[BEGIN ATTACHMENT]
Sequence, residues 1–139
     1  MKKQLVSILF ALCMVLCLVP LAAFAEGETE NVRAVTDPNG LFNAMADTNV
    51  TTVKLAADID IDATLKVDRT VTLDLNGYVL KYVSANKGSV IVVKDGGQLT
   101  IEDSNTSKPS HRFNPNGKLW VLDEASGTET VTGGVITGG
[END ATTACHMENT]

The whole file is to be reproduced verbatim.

Sequence, residues 1–139
     1  MKKQLVSILF ALCMVLCLVP LAAFAEGETE NVRAVTDPNG LFNAMADTNV
    51  TTVKLAADID IDATLKVDRT VTLDLNGYVL KYVSANKGSV IVVKDGGQLT
   101  IEDSNTSKPS HRFNPNGKLW VLDEASGTET VTGGVITGG